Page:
Ideas: March 2008 Archives
My first trip to a hospital came after I discovered my arm had a new right angle.
It was 1979. I was five years old. I'd dropped out of a tree and snapped the bones in my right forearm. I don't remember if I was in a lot of pain, but do remember asking my mother if I was going to die.
While the emergency room did a lot for my arm, it did little for my state of mind. The hospital smelled funny. It was gloomy and dingy and strange. I've since forgotten most of the details, but I do recall this: the buzzing of fluorescent lights and the feeling that I was in a place where bad things happened.
I wanted to get out. Soon.
It's a commonplace experience. We get sick, go to the hospital, dread our time there. Hospitals scare us. They're big and impersonal and boring. They force us to focus on things we'd rather ignore: illness, chaos, death.
Plus, they're expensive. Heart-bypass surgery, for instance, requires a long convalescence. The longer it takes, the more it costs.
When the Ashley River Tower, the Medical University of South Carolina's new heart, vascular, and digestive disease hospital, opened on Feb. 4, it got a lot of attention from newspapers around the state, and justifiably so.
It's big -- 641,000 square feet with 156 single-patient rooms, including 32 beds in a state-of-the-art intensive care unit. It's new -- a team of local and international architects designed it to reflect the neighboring urban landscape, with elegant curves echoing Charleston's nautical history. And it has a whopping price tag -- about $400 million, including all the equipment. It's the first of five proposed facilities.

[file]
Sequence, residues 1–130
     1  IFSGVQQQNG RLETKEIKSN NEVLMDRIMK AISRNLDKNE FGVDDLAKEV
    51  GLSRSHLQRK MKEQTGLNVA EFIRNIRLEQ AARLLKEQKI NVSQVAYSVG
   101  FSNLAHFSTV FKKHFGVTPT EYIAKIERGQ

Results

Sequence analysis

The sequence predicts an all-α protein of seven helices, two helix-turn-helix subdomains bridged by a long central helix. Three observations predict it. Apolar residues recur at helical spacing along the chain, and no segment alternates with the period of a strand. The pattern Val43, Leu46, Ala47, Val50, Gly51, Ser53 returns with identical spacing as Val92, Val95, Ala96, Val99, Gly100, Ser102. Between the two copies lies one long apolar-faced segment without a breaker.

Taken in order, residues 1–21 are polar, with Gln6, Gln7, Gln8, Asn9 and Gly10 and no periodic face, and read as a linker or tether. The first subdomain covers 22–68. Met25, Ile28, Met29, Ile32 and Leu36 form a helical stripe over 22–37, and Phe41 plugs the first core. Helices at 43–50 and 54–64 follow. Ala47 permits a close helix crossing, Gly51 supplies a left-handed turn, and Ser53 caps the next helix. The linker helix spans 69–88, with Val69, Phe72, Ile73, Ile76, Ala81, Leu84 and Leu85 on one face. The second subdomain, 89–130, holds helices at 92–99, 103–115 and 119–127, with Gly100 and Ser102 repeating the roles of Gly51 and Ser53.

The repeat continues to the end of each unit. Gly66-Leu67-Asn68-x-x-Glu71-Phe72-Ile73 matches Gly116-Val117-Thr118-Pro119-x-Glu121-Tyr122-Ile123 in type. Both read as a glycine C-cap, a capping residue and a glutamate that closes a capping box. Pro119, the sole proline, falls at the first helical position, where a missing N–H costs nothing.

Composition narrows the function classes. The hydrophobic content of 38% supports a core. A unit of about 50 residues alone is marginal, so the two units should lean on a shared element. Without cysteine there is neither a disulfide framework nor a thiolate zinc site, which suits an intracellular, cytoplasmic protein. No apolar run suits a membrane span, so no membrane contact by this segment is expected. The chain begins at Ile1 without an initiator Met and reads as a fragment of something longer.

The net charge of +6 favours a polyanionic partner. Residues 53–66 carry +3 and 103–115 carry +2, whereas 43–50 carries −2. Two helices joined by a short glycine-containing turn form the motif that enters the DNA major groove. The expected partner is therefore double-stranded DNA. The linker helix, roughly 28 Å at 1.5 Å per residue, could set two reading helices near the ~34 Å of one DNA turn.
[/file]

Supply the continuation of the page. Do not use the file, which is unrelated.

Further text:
What really got the attention of reporters and editors, though, was the role of visual art in the facility: MUSC amassed one of the largest collections of art by local and regional artists on permanent display -- paintings, drawings, photographs, sculptures, pottery, and even traditional Lowcountry sweetgrass baskets -- with the rationale that it will help sick people feel better faster.
More than 850 works were purchased with the help of Mark Sloan, director of the Halsey Institute of Contemporary Art. Organizers placed art on every floor, every patient room, and in every waiting area in the hospital believing they would reduce stress and facilitate healing.
It was a no-brainer news story.
Still, I had more questions than answers.
MUSC wanted to showcase the work of local and regional artists, build a facility unmistakably grounded in a distinct place, and support art by educating the public. And, of course, there was the feel-good, New Age-y mantra of artful healing. That all sounds terrific, but why?